Events

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Many of our events are video-recorded. You can see a list of available videos on our website. If you subscribe to our YouTube channel, you will be notified when new videos are available.


Spring 2020


Thursday, February 6 I 4:30-6:00 p.m.

When They Were Here Screening & Conversation with Filmmakers Ivy & Ivan MacDonald

When They Were Here is a documentary film project that shines a light on the crisis of Missing and Murdered Indigenous Women and Girls throughout North America. Following the screening, filmmakers Ivy and Ivan MacDonald will invite audience discussion on their work with Indigenous families, oral histories, and Indigenous forms of storytelling.

Multicultural Community Center

Sponsored by: Center for Race and Gender

Co-sponsored by: Center for Research on Native American Issues


CANCELLED! Tuesday, March 17 I 4:00-5:30pm CANCELLED!

We will reschedule this event for Fall 2020.

Joseph A. Myers Center for Research on Native American Issues Colloquia Series:

Knowing the Land: Indigenous Strategies for Revitalization and Adaptation

Clint Carroll, Associate Professor, Department of Ethnic Studies, University of Colorado, Boulder

Indigenous Nations face significant challenges when it comes to the interrelated processes of cultural knowledge revitalization/perpetuation and environmental adaptation. These challenges range from compromised local ecological health brought about by development and climate change, to limited access to land due to legal, social, and/or political barriers, and to obstacles to knowledge transmission caused by educational and economic forces. This talk views these challenges in the context of the past and ongoing mutually-constitutive structures of settler colonialism and capitalism, and discusses how Cherokee people in Oklahoma are adapting and “re-existing” through land-based education and comprehensive conservation strategies.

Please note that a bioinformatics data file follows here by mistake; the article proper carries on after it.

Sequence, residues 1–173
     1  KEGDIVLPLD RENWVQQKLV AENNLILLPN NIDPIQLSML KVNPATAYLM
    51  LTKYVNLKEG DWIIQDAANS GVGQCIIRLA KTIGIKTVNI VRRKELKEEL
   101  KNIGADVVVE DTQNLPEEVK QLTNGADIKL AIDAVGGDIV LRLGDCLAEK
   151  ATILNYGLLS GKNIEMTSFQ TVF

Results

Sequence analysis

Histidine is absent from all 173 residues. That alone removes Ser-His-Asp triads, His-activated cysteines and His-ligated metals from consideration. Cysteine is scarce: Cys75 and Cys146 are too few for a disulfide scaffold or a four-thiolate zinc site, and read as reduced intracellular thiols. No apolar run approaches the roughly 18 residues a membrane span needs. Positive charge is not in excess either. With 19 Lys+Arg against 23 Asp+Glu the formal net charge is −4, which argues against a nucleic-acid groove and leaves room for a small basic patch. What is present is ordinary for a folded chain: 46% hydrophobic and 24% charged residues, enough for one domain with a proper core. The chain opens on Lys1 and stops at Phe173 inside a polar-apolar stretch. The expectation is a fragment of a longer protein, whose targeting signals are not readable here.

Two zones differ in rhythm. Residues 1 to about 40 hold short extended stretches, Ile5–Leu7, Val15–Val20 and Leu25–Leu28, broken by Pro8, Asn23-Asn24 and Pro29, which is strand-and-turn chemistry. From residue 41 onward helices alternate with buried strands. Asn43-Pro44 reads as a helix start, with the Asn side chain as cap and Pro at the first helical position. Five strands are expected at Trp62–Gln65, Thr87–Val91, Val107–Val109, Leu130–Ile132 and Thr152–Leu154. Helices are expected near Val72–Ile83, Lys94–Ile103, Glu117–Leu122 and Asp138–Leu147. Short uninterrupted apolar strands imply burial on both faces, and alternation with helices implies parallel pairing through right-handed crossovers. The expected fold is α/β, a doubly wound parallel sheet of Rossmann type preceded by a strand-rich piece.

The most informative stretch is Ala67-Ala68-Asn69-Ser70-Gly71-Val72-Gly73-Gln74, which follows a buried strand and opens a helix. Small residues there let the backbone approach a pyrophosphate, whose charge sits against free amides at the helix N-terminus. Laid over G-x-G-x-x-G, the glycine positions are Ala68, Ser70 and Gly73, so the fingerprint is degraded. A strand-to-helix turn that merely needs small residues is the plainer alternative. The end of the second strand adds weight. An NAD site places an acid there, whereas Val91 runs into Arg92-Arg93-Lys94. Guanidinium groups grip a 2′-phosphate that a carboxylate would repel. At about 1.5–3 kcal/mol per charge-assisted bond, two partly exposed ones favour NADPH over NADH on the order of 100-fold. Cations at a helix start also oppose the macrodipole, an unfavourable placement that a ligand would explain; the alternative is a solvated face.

Shorb House (Latinx Research Center), 2547 Channing Way

Co-sponsored by: Native American Studies Program, American Indian Graduate Student Association, American Indian Graduate Program, Native American Student Development, Department of Environmental Science, Policy, and Management


CANCELLED! Tuesday, April 21 I 4:00-5:30pm CANCELLED!

We hope to reschedule this event and will post more information soon.

Joseph A. Myers Center for Research on Native American Issues Colloquia Series:

What Drives Native American Poverty?

Beth RedbirdAssistant Professor of Sociology and Faculty Fellow, Center for Native American and Indigenous Research, Northwestern University

It has been nearly 40 years since the last large-scale comprehensive assessment of Indian economic well-being. Since that time, the Indian Self-Determination and Education Assistance Act of 1975 gave rise to increased tribal sovereignty and manifested in changes to tribal institutions and policies. Indian nations rewrote their constitutions, generated their own tax and business regulatory structures, set up welfare systems, remade school curricula, and gained control over their land. But, we continue to lack a basic understanding about the economic well-being of America’s first peoples. This project examines the development of new tribal institutions and seeks to disentangles the complex interwoven aspects of modern tribal economies that drive economic well-being.  Using a decomposition model, I find that changes in residence (returning to reservations), family structure, and lack of education play a small role in Native poverty, whereas the structure of employment is the most significant cause in the poverty increase. Findings suggest that the changing nature of tribal labor markets is having significant and unpredicted impacts on Native poverty and inequality. 

Shorb House (Latinx Research Center), 2547 Channing Way

Co-sponsored by Sociology, Native American Studies Program, Native American Student Development, American Indian Graduate Program, Native American Studies Library, American Indian Graduate Student Association, Native American Law Students Association


 

Joseph A. Myers Center for Research on Native American Issue
The Myers Center is part of the Institute for the Study of Societal Issues 
2420 Bowditch Street #5670
University of California
Berkeley, CA 94720-5670
TEL: 510.642.0813
FAX: 510.642.8674
crnai@berkeley.edu
 
 

 

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